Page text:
11 votes, average: 5.00 out of 511 votes, average: 5.00 out of 511 votes, average: 5.00 out of 511 votes, average: 5.00 out of 511 votes, average: 5.00 out of 5 (11 votes, average: 5.00 out of 5)
You need to be a registered member to rate this post.

Does the Author of Acts Identify Himself?

In this thread I have been discussing whether Luke, the gentile physician, the traveling companion of Paul, wrote the Third Gospel and the book of Acts. The first point I’ve made, over a couple of posts, is that the idea that Paul *had* a gentile physician as a traveling companion is dubious. That notion is derived from the mention of Luke in the book of Colossians, but Paul almost certainly did not *write* Colossians. Paul does mention a companion named Luke in the book of Philemon, but he does not say anything at all about him (not, for example, that he was a gentile or that he was a physician).

Still, one could argue – and many have! – that whatever his name, it was a companion of Paul who wrote the books of Luke and Acts. The main argument in favor of that thesis – with which I heartily disagree – is the presence of the “we-passages” in Acts, that I mentioned previously. My view is that these passages do NOT demonstrate that the author was Paul’s traveling companion. But it’s a complex issue, and to get to the bottom of it takes a lot of demonstration.

Here I will again, over a series of posts, reproduce what I say elsewhere, but in a book very few members of this blog will have read (Forgery and Counterforgery). I have omitted the footnotes here to make it easier to read. This is a section where I talk about what we can say about who wrote the book of Acts (who was the same person who wrote the Third Gospel):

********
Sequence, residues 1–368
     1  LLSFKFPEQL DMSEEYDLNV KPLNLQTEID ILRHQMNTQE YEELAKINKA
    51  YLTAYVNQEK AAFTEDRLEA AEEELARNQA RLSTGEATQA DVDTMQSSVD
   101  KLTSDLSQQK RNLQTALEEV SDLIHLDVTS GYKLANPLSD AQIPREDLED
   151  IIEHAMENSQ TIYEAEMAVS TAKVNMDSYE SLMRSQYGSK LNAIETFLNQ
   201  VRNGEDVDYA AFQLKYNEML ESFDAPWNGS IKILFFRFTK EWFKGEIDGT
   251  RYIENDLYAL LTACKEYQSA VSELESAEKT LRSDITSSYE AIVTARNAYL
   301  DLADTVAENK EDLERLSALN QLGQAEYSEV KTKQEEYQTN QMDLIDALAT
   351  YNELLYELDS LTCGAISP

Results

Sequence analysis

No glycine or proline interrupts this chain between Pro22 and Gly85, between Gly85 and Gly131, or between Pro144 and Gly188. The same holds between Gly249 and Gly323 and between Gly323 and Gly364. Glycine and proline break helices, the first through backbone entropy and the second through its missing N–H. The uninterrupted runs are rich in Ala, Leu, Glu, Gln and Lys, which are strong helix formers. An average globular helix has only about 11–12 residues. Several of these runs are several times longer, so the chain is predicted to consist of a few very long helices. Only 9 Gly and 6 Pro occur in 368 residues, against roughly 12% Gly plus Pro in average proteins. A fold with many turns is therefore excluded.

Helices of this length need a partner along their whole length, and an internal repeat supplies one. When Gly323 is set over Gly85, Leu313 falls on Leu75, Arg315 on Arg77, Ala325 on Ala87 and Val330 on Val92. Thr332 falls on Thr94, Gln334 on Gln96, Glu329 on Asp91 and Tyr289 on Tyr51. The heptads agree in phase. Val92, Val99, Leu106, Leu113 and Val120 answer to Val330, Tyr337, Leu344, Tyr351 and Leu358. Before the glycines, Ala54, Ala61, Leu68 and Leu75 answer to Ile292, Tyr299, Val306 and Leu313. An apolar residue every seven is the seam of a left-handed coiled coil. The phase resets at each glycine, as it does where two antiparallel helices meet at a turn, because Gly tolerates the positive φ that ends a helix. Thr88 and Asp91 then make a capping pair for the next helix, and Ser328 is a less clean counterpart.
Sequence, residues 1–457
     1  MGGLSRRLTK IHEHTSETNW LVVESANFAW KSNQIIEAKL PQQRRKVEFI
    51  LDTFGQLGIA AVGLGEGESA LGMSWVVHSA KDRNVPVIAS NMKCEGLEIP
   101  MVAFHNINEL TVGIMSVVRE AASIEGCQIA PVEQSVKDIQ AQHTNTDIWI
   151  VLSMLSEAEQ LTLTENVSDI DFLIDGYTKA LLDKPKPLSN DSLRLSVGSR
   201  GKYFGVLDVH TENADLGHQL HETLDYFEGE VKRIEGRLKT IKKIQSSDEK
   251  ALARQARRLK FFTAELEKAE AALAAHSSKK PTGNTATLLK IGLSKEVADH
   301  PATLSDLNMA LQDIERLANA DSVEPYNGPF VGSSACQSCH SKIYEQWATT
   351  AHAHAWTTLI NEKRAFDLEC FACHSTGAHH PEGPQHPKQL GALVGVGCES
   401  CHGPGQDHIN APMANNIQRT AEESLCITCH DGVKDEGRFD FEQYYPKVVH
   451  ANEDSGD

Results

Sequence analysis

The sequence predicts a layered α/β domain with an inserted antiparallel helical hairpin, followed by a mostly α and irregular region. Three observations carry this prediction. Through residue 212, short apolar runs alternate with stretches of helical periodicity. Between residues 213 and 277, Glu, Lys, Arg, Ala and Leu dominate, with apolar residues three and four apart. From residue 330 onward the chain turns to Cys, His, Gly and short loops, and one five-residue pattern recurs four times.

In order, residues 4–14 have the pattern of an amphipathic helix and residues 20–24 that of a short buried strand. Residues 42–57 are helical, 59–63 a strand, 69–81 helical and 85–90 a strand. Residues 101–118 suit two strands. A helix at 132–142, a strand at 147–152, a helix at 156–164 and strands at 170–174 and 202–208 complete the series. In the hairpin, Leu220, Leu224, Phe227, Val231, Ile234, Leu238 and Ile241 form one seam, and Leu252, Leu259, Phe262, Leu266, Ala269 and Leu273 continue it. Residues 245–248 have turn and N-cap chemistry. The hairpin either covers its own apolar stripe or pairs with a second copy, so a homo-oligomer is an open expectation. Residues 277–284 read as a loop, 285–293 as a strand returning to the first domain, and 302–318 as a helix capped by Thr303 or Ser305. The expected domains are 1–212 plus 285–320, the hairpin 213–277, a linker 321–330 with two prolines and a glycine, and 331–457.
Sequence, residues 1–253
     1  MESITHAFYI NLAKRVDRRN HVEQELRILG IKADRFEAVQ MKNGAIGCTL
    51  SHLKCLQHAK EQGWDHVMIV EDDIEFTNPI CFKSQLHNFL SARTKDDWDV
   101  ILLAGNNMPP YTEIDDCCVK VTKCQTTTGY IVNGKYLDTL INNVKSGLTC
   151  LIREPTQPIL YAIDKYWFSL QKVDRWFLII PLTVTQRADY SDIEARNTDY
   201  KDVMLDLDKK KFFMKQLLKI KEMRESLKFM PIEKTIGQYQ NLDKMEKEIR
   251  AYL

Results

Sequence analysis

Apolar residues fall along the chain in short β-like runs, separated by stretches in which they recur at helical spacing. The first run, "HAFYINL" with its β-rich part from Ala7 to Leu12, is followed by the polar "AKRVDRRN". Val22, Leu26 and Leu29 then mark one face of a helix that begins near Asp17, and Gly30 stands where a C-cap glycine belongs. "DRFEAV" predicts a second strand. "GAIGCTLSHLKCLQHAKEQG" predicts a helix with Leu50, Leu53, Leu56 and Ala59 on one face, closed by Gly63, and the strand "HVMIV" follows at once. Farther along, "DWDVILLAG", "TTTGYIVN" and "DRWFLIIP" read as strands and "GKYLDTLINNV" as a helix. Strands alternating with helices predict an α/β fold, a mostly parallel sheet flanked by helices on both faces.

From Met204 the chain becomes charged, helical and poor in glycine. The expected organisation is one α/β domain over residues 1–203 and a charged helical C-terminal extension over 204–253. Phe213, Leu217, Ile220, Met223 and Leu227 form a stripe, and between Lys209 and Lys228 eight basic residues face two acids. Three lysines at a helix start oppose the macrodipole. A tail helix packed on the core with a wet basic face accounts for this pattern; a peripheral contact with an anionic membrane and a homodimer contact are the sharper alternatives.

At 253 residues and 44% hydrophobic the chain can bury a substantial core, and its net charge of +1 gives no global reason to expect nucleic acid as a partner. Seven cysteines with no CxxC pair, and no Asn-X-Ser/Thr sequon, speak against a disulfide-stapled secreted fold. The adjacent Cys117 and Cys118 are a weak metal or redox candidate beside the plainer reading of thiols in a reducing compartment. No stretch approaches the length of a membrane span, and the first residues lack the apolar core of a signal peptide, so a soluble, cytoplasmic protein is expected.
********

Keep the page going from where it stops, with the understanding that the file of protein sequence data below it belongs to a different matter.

The key to any discussion of the authorship of Acts is provided by the so-called “we-passages” that occur on four occasions (depending on how one accounts), narratives in which the author shifts from third- to first-person plural narrative. The scholarship on these passages may seem daunting in its scope, but it is even more disheartening in its execution, one suggestion even more implausible than the one preceding. Several full length studies have been devoted to the question, the most recent by William S. Campbell, but including earlier important contributions by C. Thornton and J. Wehnert.

Now *here’s* something you’re not gonna learn in Sunday School!  But it’s important knowledge — for anyone interested in the New Testament.  Is that you?  Then join the blog!

You need to be logged in to see this part of the content. Please Login to access.

Did *Any* Companion of Paul Write Luke and Acts?
Problems with Thinking That Luke Wrote Luke (and Acts)



  1. Avatar
    RICHWEN90  January 13, 2020

    I can understand shifting points of view in terms of hastily or sloppily constructed fiction. There are plenty of examples. For instance, “Stranger In a Strange Land” and Norman Mailer’s “Deer Park”. And yet, most of the people who read novels like this are not disturbed by the inconsistencies. They have an engaging narrative flow. I doubt that many casual readers of these epistles are disturbed by the inconsistencies and oddities you’ve pointed out. So maybe Acts is a kind of fiction? The Pauline forgeries are certainly fiction in a sense. Not, of course, crafted to entertain. Not that kind of fiction. But certainly something assembled and composed largely in the imagination of the author? Perhaps using pieces of oral tradition or accounts that were heard from unnamed sources, and then assembled into the documents we have today? Enough skill and sophistication to create a nice narrative but not a narrative without seams and inconsistencies on close and careful examination?

    • Bart
      Bart  January 15, 2020

      Yes, one prominent author, Richard Pervo, has argued Acts is best read like an ancient novel.

  2. Avatar
    Stephen  January 13, 2020

    I read ‘Forgery and Counterforgery’ with a great deal of pleasure. I’ve been reading in this field for over thirty years so another popularization is not going to help much. Even a lack of Greek is not an impediment. I keep some favored translations and commentaries nearby for reference.